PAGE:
Penn followed up one of its best victories in years with one of its worst defeats.
The Quakers failed repeatedly to put away host and KenPom No. 352 Maryland Eastern Shore (UMES) in the second half and eventually got burned in a 83-80 overtime loss.
UMES is the worst-ranked team Penn (3-2) has ever lost to in the KenPom era (which has data going back to the 1998-99 season).
Penn’s loss was sealed by a three with nine-tenths of a second to play in overtime from UMES’ Elijah Wilson on a play that strongly resembled Kris Jenkins’ shot to win the 2016 national championship game for Villanova.
The shot spoiled a furious Penn rally that was led by freshman Sam Brown, who buried two three-pointers in an eight-second span to tie the game before the final sequence.
Penn should have sealed up a win easily well before Wilson’s shot, mostly because …
The Quakers failed to foul up three.
Penn had a 67-64 lead with just under eight seconds left to play in the second half when UMES inbounded the ball under the Quakers’ basket to Wilson.
Wilson caught the ball and failed to immediately put up a shot, which gave senior Andrew Laczkowski multiple chances to foul. None came. Instead, Wilson wound up drilling a game-tying contested three over Laczkowski’s outstretched arms; the ball went in the air with less than five seconds remaining on the clock.
Penn should have learned its lesson about fouling up three back in the 2018-19 season, when it missed a similar opportunity at the Palestra to foul Harvard’s Bryce Aiken right before he drilled a killer game-tying three as the game clock wound down. That loss nearly cost Penn a trip to the Ivy League Tournament.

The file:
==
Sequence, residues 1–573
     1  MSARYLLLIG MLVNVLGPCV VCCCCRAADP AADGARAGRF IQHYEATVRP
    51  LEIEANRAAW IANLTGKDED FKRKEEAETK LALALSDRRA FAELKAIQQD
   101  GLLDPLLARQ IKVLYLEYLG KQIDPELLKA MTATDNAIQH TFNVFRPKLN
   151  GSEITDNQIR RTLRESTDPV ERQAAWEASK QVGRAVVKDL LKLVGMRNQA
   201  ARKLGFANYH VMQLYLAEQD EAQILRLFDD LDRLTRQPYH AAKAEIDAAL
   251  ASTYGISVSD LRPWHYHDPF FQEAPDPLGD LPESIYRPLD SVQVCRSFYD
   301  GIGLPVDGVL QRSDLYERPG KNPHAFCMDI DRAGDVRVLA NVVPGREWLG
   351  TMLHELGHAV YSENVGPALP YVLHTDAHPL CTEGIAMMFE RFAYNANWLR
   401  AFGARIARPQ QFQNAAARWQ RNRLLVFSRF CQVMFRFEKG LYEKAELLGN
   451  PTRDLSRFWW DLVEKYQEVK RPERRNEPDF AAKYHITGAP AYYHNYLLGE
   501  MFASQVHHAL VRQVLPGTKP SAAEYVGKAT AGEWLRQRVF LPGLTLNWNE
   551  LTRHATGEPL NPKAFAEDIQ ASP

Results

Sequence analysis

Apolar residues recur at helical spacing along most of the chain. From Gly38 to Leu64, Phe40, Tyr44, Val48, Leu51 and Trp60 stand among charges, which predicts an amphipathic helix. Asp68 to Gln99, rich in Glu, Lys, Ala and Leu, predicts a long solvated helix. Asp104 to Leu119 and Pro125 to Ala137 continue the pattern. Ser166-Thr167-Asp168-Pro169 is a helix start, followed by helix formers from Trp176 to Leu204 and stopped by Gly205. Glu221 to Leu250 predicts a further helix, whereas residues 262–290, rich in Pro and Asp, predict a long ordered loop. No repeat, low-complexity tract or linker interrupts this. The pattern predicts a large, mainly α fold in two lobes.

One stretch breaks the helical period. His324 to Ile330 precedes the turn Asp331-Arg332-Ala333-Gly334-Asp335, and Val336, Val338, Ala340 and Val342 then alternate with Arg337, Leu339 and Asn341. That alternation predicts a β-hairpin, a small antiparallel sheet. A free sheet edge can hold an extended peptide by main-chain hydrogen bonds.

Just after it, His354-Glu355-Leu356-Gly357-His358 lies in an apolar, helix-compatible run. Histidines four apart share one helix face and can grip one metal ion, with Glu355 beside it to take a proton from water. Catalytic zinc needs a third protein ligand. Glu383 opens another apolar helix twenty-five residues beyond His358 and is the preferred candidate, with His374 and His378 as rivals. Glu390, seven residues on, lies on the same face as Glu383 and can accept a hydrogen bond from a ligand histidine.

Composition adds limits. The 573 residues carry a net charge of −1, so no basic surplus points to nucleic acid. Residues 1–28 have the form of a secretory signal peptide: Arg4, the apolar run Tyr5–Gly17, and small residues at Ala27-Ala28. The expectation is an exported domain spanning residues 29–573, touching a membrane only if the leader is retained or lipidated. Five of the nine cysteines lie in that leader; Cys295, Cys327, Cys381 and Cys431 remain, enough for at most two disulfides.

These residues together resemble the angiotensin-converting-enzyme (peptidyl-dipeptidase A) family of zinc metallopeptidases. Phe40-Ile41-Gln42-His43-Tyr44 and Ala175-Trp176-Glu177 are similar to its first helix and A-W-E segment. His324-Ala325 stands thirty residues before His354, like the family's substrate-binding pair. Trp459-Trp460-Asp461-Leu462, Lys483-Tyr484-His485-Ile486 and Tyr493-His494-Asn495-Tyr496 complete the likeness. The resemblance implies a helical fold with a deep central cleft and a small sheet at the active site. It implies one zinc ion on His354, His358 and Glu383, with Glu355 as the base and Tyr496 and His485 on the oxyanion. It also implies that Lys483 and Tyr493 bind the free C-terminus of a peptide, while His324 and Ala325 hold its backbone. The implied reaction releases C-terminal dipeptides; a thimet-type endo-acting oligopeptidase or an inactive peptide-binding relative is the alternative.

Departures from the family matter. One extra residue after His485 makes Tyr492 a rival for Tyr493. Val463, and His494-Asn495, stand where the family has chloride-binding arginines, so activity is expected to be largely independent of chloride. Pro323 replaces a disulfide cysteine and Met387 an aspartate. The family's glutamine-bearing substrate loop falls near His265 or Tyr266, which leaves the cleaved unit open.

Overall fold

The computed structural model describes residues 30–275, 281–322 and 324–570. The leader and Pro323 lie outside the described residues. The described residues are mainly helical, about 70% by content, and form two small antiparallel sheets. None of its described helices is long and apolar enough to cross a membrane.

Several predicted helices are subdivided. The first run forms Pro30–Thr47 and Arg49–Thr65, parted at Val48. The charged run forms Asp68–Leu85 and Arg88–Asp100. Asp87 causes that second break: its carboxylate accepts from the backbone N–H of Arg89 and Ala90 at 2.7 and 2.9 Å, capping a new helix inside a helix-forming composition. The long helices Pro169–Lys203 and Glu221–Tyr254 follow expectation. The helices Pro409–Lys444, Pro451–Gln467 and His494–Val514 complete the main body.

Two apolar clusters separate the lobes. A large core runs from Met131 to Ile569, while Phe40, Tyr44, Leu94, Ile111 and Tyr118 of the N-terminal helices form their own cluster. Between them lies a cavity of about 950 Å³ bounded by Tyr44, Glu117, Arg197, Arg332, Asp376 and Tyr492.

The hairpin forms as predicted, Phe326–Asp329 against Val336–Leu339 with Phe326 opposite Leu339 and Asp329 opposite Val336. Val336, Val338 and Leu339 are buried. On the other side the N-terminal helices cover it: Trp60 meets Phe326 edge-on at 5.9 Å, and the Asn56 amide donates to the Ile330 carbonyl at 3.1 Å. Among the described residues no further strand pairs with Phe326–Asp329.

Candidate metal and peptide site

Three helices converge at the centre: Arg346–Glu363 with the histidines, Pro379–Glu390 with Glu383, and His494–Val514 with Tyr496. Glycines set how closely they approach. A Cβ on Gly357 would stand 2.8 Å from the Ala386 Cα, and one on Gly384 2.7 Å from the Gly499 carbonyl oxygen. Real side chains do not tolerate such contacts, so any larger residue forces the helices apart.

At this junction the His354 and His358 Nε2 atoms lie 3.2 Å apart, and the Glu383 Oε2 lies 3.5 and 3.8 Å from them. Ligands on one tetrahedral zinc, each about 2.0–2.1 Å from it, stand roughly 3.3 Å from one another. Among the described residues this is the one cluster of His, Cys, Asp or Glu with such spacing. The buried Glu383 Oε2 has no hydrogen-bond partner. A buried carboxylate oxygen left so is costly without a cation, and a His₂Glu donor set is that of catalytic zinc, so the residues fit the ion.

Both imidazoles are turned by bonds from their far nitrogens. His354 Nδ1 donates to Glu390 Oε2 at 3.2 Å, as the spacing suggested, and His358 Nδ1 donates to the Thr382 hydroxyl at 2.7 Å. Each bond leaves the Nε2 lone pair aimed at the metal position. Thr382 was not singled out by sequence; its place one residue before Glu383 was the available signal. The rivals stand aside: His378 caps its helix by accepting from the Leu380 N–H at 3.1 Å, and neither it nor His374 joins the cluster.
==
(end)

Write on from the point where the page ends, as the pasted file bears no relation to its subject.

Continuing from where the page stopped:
This loss will crush Penn’s predictive metrics, but (hopefully) won’t be nearly as consequential.
Persistent offensive sloppiness kept Penn from getting into a state of flow.
The biggest red flag for Penn so far — and clearest indicator that this team is very much a work in progress — is its turnover rate.
The Red and Blue entered Saturday turning over the ball on 22.4% of their possessions. Only 41 teams in Division I had been giving up the ball at a higher rate.
That number will look much worse once KenPom’s numbers update. Penn committed 21 giveaways on Saturday, 12 of which came in the first half.
Nick Spinoso — who did wind up finishing with a double-double — was the worst culprit, with seven turnovers.
The Quakers were also hurt badly by an awful evening at the free throw line. They shot 18-for-30 from the charity stripe which included an ugly sequence midway through the second half when sophomore Johnnie Walter and freshman Tyler Perkins missed four three throws on one possession.
Brown and Laczkowski were bright spots.
Brown was one of Penn’s more well-regarded recruits, but missed the team’s first three games with a sprained ankle. He didn’t appear on Monday, but was pressed into extended action when Cam Thrower was ruled out pregame with an unspecified injury.
A local product out of Lower Merion High School, Brown showed that his reputation as an excellent shooter is well-deserved. He had two personal 6-0 runs on the Hawks in which he hit two three-pointers apiece. Brown also barely missed an open dagger three from the corner with 22 seconds to go in the second half that would have given Penn a four-point lead and essentially ended the game.
Laczkowski, had Penn held on in the second half of regulation, would have been the lead player mentioned in this story. He showed insane hustle throughout the game, which led to coach Steve Donahue rolling with the senior down the stretch over starter Eddie Holland III.
The biggest moment came when Laczkowski hit the front end of a one-and-one to give Penn a 63-62 lead with 2:20 to play in the second half. When Laczkowski missed the second free throw, he wound up hurling himself into the stands to save the ball in the scramble for the rebound. Perkins hit a long stepback two off the extra possession that gave Penn a 65-62 lead with less than two minutes to go.
It should have been enough.